• Kathleen Cassen Mickelson

A New Year, a New Decade

Updated: Jan 29

Happy 2020, everyone.

Our Airbnb on Frenchmen Street in New Orleans.

I spent New Year’s Eve in New Orleans with friends. We ate food that we don’t usually eat (grits, crawdads, pralines, beignets), listened to a wide variety of music (zydeco, blues, jazz, reggae), saw the Sugar Bowl Parade, walked until our feet hurt. As a Minnesota girl, it was weird to be in a place that didn’t have frozen snow crunching beneath car tires when we headed out for New Year’s Eve revelry. I didn’t have to blow on my fingers to warm them. It didn’t feel quite right.

View from our window.

New Year’s is usually a time when I love to think about the past year, including whatever firsts and lasts I experienced and what the coming year might look like. I become introspective, quiet. New Year’s Eve in New Orleans was a stay-in-the-moment celebration as we gulped down whatever New Orleans had to offer. I danced on the edge of my comfort zone by not being home during a holiday even though I’ve traveled all over the world at other times of the year.

The park across the street from our Airbnb.

It also didn’t feel right on New Year’s Day when the four of us were at the airport in New Orleans waiting for our flight home to Minnesota. I felt out-of-time somehow, suspended in a different place where my whole life was in my backpack when I should have in my own dining room brunching and drinking mimosas to welcome in the new year. Yet I – we – were right where we were supposed to be: traveling, observing, learning. And talking to new people, like our Lyft driver who shared her experiences living through Hurricane Katrina as she drove us to the airport.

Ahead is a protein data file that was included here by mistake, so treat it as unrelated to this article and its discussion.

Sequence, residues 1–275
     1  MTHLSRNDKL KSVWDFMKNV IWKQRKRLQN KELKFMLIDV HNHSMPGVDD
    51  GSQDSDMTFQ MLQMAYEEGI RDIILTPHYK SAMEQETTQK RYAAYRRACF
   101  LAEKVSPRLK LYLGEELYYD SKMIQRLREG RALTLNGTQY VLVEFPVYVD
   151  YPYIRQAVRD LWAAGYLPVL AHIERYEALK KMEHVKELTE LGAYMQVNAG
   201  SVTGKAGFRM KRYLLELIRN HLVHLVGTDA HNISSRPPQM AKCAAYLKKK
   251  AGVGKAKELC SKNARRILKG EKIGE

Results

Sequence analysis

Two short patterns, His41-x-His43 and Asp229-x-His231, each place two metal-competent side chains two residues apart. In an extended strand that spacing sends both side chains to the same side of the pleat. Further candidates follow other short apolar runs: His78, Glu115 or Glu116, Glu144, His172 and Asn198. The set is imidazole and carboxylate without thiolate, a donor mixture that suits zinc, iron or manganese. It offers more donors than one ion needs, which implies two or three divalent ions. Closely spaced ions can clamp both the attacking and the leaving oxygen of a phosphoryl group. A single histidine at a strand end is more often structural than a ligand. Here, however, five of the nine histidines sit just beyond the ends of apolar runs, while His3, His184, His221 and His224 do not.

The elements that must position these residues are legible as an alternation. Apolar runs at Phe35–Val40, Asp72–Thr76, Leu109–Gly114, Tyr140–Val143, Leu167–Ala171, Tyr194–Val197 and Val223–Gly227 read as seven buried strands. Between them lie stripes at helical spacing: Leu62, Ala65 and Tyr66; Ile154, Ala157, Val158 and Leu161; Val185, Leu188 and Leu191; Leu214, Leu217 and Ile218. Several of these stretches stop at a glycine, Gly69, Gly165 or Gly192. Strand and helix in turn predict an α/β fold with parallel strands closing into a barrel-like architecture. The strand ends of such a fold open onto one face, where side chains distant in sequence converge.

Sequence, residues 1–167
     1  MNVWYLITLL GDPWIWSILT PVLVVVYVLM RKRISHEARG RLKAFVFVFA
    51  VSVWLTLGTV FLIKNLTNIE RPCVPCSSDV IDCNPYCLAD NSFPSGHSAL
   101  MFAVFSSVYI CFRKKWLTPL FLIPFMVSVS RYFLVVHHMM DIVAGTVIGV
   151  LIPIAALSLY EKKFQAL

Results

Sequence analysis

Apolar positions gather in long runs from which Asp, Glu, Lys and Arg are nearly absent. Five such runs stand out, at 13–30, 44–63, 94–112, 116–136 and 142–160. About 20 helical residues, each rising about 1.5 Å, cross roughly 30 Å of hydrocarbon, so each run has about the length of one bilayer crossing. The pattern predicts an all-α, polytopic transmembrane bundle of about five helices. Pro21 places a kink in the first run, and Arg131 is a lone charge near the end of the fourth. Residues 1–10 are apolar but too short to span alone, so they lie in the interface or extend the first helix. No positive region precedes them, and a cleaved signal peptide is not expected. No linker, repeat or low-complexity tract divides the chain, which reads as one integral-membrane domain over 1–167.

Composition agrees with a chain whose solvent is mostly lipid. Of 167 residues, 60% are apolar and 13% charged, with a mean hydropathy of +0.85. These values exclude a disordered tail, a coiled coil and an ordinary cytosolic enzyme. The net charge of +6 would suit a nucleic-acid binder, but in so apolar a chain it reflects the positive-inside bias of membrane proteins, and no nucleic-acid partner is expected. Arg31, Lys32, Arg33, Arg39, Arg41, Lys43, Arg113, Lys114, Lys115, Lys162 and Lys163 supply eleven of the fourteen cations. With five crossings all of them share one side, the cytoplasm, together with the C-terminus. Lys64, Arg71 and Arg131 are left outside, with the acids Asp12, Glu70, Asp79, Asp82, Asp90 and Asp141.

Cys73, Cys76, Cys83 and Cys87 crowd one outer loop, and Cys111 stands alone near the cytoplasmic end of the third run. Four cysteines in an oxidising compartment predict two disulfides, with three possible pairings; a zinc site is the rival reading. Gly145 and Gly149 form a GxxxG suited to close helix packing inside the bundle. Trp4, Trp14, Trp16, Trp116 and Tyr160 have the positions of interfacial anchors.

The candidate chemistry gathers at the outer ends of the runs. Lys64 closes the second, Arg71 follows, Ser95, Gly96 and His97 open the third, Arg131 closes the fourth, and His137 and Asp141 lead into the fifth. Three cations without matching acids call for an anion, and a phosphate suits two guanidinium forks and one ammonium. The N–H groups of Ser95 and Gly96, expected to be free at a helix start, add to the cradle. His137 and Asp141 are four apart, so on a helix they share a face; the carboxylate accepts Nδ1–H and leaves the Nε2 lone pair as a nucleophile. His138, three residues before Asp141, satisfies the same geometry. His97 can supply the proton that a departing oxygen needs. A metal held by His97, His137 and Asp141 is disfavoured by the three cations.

Coffee on our Airbnb balcony.

It was good to get out of my own head through travel. Good to be with throngs of people in a warm place with plenty of attitude, to connect my part of the country with another. That I was doing something new felt exactly like how the old decade was supposed to end, a decade in which I turned 60 and can feel time speeding up too much.


I don’t care for New Year’s resolutions but I do have the strong feeling that embracing more of whatever I’m unfamiliar with is the only way to move forward. Celebrating the New Year in a place so very different from home is a precursor for choosing other new paths this year.

As writers and artists, that’s exactly what must happen. New paths to new work and new relationships. That sounds like a great plan.


Chess game on the sidewalk near the French Market.
Wet cobblestone street near Jackson Square.
The French Market all decked out for the holidays.
A special unicorn pulls a carriage.
New Orleans cable car.
Musicians squished into the corner at the Apple Barrel on Frenchmen Street.
Food vendor at the French Market.
City of New Orleans.
Jester near the riverfront.
Float in the Sugar Bowl Parade.
Kermit Ruffins at the Blue Nile on Frenchmen Street on New Year’s Eve.


All photos shot on an iPhone by kcmickelson 2019.


#NOLA #NewYear2020 #FrenchQuarter #KermitRuffins #oneminnesotawriter #NewOrleans #FrenchmenStreet

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